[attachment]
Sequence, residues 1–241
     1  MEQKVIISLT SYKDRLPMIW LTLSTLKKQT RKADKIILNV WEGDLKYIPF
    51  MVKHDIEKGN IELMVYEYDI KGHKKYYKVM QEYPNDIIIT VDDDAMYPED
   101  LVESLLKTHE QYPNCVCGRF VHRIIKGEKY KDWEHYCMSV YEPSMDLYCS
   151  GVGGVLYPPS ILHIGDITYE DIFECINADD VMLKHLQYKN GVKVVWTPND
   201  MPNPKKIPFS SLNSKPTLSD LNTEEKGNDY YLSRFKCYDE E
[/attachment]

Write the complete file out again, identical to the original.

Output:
Sequence, residues 1–241
     1  MEQKVIISLT SYKDRLPMIW LTLSTLKKQT RKADKIILNV WEGDLKYIPF
    51  MVKHDIEKGN IELMVYEYDI KGHKKYYKVM QEYPNDIIIT VDDDAMYPED
   101  LVESLLKTHE QYPNCVCGRF VHRIIKGEKY KDWEHYCMSV YEPSMDLYCS
   151  GVGGVLYPPS ILHIGDITYE DIFECINADD VMLKHLQYKN GVKVVWTPND
   201  MPNPKKIPFS SLNSKPTLSD LNTEEKGNDY YLSRFKCYDE E